He was a son of Abner and Martha Vaughan Francis, born during the Civil War (Feb. 15, 1862) at Paddy’s Run -- a town of many names.
The post office in the Morgan Township community was known as Paddy’s Run between June 10, 1831, and Oct. 16, 1879. His birthplace -- whose names also have included New London, Vaughan, Cambria and Glendower -- became Shandon Aug. 26, 1892.
John Francis was raised on the family farm in Morgan Township with three sisters and four brothers.
After attending the Shandon school, he entered Wooster College in Wooster, Ohio. Francis graduated in 1886, and entered Miami Medical College (now the University of Cincinnati School of Medicine). He earned his medical degree in 1889 and completed his internship in Cincinnati a year later.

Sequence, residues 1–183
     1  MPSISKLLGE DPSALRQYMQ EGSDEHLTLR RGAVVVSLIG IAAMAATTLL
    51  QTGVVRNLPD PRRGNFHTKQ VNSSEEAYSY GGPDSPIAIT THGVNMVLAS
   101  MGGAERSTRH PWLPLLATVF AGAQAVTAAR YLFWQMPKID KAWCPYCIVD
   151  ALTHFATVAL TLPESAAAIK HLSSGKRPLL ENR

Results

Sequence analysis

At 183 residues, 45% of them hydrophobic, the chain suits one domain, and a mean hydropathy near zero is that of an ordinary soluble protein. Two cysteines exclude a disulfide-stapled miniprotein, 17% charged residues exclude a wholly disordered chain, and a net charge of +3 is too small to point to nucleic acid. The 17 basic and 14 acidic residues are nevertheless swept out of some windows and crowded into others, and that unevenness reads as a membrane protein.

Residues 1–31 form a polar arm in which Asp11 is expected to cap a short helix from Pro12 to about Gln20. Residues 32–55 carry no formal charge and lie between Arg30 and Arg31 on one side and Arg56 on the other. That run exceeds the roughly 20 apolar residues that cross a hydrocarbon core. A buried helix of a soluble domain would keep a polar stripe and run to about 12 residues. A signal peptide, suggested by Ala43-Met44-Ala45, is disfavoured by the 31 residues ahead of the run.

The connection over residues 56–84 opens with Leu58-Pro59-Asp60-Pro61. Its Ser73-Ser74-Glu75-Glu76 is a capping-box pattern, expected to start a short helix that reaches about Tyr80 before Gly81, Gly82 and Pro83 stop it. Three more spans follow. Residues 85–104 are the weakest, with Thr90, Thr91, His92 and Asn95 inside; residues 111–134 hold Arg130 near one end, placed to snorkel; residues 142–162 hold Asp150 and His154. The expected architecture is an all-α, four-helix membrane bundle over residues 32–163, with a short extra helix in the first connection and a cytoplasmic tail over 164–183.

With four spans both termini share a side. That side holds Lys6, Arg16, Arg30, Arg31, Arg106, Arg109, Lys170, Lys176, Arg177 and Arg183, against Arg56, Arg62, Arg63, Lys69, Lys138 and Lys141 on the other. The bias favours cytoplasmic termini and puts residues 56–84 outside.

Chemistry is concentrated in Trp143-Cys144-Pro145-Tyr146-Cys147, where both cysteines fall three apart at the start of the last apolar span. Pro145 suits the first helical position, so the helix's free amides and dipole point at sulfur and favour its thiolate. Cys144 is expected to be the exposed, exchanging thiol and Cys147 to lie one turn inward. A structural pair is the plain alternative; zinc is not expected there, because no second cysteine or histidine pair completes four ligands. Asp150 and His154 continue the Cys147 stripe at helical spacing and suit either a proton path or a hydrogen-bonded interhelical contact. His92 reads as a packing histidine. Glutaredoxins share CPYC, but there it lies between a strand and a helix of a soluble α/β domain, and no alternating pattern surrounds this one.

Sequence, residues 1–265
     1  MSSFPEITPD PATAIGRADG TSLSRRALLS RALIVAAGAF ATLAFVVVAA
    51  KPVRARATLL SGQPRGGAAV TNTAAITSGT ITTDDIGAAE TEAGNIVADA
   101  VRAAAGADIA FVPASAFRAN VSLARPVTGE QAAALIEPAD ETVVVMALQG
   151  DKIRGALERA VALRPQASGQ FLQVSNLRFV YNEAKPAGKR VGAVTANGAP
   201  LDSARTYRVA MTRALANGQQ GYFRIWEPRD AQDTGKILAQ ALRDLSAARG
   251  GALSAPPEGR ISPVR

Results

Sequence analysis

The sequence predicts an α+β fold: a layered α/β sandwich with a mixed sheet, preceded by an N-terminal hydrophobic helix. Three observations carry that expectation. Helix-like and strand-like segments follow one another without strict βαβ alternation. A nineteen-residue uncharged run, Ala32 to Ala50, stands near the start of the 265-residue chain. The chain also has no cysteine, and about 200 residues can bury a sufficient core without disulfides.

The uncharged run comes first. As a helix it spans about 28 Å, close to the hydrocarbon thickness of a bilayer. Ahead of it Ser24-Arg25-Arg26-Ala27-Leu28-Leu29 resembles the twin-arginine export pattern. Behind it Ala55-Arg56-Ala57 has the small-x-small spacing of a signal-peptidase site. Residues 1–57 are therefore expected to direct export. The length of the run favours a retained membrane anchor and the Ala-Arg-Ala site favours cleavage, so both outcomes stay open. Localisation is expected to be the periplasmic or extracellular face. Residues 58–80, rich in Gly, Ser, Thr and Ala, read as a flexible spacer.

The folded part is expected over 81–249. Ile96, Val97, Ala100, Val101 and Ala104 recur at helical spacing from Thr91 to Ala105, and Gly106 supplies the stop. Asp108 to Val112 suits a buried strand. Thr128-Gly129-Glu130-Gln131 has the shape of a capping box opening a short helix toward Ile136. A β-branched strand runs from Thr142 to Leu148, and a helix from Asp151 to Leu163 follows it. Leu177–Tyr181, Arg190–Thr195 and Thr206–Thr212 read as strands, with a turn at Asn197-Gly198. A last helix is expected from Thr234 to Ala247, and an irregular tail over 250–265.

Dr. Francis, who never married, opened his practice in Hamilton Oct. 28, 1890, first in an office on South Third Street and for most of his long service at 230 Ludlow Street.
When he arrived in Hamilton, it was the era of house calls by doctors, who had no local hospital to help care for injured and seriously ill patients. It wasn’t until 1892 that a citizens committee collected $10,000 in pledges to start Mercy Hospital. That 15-bed institution was Butler County’s first hospital.
For more than 50 years -- although a prominent Hamilton resident and able physician -- Dr. Francis practiced medicine with a minimum of publicity while two younger brothers earned worldwide recognition in varying medical fields for their research and discoveries.